“Karl Marx Was Right”: A debate (2013) Continue reading “Karl Marx was right”: A debate
David Harvey is the Distinguished Professor of Anthropology and Geography at the Graduate Center of the City University of New York. Continue reading David Harvey: The 17 contradictions of capitalism
by Murray Bookchin It is politically restorative to look with a fresh eye at The Manifesto of the Communist Party (to use its original title), written before Marxism was overlaid by reformist, postmodernist, spiritual, and psychological commentaries. From an examination … Continue reading The Communist Manifesto: insights and problems
by Louis Althusser Marxism constitutes one of the main currents of contemporary thought. By now, there is no counting the works that set out to expound, combat, or even ‘supersede’ it. It is already no easy task to find the … Continue reading On Marxism
by Roland Boer The reputation of Friedrich Engels has often not fared well in the Marxist tradition. At a minimal level, he is regarded as the lesser intellect in relation to Marx, while more commonly dismissed as one who seriously distorted Marx’s thought and thereby derailed the subsequent socialist tradition. According to this assumption, not only did he make a mess of his editing work, after Marx’s death, with the second and third volumes of Capital, but he also distorted the later tradition by means of his ‘Dialectics of Nature’ and his very popular ;Anti-Dühring’ and ‘Socialism: Utopian and Scientific’. … Continue reading In defence of Engels
by Roland Boer This is a question I am asked reasonably often in China: do you think China is communist? Many would not hesitate to say ‘no’. Not only do you find this position among the bland liberal commentators around … Continue reading Taking notes 36: Is China communist?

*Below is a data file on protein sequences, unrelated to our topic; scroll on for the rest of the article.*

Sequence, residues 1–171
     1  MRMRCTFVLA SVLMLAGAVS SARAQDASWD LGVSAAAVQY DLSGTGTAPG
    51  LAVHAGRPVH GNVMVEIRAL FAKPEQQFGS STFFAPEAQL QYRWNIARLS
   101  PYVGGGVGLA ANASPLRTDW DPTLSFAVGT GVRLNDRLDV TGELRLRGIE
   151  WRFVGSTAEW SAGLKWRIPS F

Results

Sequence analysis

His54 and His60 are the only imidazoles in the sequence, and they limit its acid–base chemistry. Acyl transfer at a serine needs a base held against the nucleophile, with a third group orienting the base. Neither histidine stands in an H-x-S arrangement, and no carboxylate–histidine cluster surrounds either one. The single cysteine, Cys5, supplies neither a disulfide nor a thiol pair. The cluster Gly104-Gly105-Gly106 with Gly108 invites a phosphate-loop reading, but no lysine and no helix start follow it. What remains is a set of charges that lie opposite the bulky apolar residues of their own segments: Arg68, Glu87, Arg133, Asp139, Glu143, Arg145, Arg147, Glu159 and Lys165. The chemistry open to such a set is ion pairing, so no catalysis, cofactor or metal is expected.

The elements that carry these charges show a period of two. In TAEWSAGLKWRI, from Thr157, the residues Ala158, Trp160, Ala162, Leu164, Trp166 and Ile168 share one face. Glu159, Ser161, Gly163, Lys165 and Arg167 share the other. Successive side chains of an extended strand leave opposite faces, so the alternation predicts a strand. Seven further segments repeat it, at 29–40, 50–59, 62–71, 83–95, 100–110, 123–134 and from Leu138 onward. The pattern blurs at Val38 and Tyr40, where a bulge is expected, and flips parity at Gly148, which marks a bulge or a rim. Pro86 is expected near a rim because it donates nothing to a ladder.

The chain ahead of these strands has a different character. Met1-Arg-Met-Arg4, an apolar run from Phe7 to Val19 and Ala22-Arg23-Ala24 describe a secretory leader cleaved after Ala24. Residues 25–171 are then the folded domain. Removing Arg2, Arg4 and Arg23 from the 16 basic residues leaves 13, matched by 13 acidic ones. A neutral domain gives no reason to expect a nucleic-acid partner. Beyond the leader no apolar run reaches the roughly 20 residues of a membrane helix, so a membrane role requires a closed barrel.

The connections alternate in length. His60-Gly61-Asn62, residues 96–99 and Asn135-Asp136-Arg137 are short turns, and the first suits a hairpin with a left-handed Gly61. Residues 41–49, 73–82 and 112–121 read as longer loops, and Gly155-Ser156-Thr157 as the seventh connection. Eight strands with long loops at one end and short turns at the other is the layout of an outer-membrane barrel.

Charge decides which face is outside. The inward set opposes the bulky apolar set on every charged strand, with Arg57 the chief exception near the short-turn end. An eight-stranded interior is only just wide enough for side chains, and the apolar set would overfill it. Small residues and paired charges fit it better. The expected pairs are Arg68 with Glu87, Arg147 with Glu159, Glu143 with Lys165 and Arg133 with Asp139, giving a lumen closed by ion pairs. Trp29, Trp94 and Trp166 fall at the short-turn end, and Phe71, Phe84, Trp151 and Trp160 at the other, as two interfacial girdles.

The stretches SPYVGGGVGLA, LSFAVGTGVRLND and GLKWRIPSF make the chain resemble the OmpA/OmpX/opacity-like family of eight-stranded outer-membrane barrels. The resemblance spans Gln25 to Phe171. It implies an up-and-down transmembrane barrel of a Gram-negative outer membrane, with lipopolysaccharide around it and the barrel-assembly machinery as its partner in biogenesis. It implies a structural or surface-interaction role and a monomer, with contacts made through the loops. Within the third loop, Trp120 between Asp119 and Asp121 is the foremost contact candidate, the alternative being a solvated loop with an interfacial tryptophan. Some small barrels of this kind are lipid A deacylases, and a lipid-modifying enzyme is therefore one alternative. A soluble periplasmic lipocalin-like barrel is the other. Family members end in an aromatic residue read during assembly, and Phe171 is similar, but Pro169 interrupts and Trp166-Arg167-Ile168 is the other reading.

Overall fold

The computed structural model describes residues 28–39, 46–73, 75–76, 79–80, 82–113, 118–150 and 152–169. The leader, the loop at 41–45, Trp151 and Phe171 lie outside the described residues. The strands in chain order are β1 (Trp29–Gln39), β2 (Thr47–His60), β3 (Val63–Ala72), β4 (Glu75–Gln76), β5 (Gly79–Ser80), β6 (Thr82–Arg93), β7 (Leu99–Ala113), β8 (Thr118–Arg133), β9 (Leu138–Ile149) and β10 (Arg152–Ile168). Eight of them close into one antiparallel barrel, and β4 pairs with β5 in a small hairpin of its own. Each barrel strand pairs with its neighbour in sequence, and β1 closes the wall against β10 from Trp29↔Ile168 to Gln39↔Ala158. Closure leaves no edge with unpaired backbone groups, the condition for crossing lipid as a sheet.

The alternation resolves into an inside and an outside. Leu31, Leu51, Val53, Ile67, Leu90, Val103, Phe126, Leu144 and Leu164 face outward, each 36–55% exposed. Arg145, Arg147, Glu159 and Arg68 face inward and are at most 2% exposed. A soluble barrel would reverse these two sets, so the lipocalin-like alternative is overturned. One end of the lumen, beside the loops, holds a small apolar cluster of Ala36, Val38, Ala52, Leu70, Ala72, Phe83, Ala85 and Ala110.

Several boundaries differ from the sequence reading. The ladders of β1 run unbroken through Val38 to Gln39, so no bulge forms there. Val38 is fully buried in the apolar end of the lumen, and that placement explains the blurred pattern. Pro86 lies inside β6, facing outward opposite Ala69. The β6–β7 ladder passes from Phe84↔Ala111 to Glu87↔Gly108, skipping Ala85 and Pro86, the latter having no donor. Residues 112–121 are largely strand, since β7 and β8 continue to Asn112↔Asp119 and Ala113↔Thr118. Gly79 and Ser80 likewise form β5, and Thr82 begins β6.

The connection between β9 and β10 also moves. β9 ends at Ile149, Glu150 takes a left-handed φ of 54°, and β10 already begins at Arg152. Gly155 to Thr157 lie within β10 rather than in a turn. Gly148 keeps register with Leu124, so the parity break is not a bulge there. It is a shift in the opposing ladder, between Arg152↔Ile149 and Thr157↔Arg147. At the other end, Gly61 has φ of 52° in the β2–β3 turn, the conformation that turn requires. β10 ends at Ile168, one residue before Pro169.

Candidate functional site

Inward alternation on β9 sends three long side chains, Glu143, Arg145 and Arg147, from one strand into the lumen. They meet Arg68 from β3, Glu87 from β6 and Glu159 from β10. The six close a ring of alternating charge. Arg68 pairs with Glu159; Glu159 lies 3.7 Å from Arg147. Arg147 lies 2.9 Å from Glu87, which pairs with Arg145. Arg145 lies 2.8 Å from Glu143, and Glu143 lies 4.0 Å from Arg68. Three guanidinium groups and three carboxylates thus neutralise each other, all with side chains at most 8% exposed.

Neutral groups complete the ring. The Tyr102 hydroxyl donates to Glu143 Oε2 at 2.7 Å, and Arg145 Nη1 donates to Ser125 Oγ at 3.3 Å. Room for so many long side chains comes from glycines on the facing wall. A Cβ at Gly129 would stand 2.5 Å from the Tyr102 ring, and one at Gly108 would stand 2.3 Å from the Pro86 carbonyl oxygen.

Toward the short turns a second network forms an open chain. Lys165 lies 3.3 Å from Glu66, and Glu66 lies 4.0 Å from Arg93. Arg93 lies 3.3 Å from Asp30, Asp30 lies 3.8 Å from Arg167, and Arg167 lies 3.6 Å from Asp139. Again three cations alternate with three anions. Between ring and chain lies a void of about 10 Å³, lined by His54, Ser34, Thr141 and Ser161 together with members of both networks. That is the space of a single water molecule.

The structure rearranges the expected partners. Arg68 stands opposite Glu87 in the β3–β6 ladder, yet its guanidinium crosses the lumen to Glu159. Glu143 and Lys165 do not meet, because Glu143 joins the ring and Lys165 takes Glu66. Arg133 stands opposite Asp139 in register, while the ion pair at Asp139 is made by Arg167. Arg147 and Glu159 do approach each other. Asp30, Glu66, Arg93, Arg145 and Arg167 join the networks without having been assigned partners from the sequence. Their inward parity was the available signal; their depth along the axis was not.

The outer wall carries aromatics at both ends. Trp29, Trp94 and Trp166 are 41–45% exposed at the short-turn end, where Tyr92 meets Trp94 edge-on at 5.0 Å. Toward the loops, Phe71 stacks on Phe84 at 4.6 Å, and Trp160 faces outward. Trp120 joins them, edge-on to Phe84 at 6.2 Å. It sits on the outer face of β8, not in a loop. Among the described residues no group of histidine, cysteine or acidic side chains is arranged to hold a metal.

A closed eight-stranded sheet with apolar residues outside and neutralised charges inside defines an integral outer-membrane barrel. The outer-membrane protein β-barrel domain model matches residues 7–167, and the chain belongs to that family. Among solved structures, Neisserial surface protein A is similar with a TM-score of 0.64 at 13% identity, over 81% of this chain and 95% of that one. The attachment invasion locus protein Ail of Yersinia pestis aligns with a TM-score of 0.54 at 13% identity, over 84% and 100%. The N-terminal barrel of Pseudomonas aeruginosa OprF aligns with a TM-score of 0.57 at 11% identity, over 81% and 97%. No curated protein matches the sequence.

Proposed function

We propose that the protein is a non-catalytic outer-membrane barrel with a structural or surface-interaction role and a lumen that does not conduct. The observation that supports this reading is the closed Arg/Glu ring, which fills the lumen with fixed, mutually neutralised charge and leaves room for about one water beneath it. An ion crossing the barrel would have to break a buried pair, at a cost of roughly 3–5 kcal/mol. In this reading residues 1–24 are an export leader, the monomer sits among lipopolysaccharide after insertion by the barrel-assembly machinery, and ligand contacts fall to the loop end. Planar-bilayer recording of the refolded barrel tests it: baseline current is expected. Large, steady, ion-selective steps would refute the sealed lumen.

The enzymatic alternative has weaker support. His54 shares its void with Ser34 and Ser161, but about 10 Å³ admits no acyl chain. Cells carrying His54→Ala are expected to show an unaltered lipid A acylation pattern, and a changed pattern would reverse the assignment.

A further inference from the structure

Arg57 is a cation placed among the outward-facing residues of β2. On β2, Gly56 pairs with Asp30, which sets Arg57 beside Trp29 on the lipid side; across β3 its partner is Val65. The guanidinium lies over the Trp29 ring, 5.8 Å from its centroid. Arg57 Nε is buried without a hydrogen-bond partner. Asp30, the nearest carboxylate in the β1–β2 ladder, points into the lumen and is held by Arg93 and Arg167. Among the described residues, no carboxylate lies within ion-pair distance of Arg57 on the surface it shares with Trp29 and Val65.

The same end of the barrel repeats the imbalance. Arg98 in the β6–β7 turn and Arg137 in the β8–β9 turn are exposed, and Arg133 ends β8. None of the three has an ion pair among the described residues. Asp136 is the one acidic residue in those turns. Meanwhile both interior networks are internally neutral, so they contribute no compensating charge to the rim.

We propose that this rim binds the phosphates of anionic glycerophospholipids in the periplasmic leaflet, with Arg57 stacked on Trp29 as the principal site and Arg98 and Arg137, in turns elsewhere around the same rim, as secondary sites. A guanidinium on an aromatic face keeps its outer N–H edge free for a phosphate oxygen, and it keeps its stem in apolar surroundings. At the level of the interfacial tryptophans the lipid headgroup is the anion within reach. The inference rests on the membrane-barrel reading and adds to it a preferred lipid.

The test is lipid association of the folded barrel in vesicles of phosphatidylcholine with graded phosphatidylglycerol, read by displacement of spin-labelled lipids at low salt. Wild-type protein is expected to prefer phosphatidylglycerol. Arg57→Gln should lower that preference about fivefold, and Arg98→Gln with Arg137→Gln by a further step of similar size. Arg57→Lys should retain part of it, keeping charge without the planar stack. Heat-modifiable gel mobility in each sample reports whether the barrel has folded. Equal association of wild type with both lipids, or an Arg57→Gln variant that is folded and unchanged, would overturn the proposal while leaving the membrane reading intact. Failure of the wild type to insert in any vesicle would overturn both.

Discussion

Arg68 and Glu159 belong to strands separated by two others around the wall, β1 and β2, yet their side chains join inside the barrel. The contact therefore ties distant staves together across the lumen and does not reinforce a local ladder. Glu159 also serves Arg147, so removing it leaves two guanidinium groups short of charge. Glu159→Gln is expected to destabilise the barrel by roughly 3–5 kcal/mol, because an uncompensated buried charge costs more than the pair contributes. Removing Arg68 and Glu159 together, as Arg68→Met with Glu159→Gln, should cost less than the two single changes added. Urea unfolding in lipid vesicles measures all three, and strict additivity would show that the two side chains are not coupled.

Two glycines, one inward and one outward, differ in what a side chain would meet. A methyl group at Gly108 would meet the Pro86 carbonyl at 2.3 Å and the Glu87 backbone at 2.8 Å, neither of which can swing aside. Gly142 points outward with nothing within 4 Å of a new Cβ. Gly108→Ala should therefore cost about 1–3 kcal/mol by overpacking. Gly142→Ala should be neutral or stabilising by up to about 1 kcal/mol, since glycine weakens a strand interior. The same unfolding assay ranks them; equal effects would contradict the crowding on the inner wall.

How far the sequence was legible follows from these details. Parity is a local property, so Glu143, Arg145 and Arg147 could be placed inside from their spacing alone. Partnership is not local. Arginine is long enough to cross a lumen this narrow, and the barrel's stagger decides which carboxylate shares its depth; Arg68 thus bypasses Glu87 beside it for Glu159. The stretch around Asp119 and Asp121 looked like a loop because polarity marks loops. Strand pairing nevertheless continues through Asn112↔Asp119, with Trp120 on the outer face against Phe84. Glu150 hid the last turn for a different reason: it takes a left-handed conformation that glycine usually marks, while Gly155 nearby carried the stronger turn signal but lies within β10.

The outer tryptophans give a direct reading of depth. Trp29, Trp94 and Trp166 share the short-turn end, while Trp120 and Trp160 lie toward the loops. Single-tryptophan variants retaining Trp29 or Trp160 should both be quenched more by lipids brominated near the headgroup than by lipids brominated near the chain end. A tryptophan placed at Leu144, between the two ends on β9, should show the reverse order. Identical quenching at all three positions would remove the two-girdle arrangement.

by Ross Wolfe How can the respective political modes of resistance, reform, and revolution be deployed to advance social and individual freedom? How might they reinforce each other on a reciprocal basis? Today, with the recent upsurge in global activism, we stand on the precipice of what promises to herald the rebirth of such a politics. These questions have acquired a renewed sense of urgency in this light. Now more than ever, they demand our attention if we are to forge a way forward without repeating the mistakes of the past. Reform, revolution, and resistance — each of these concepts exercises … Continue reading Reflections on resistance, reform, and revolution
by Jeff Noonan On May 31st what began months before as opposition to the cutting down of trees in Taksim Square in Istanbul exploded into country-wide opposition to the increasingly authoritarian rule of Prime Minister Recep Tayyip Erdogan. As was the case with the Arab Spring and Occupy, the Turkish youth and workers’ movement caught global commentators unawares. Turkey had been held up as a model of “moderation” amongst “Muslim” countries: tolerant, democratic, capitalist, a NATO member, and a trusted American ally. Suddenly, the social fissures that had opened up the space for revolution in Tunisia and Egypt, for Occupy … Continue reading What does Revolution mean today?
by Zoltan Zigedy For nearly three hundred and fifty years, human rights have been important, if not dominant, instruments in the endeavor for social justice. For much of this history, contestants have cited universal rights as marking their position on the field of struggle. It is equally important to notice that before the seventeenth century, social justice was more often than not contested in a language other than rights-talk. If Froissart’s Chronicles are to be believed, the Jacquerie of the French countryside and the English peasantry of the 1381 uprising knew no full-blown notion of universal human rights. Instead, they … Continue reading Human Rights: A Marxian perspective
by Sanjay Perera
We return to the idea of general equilibrium and the transcendent nature of it espoused by economists and the problems ensuing from this. Another normative aspect to this for economists, in terms of what good a state of equilibrium can produce is highlighted by the so-called Pareto criterion. Continue reading A critique of Capital (3): Toward a moral economy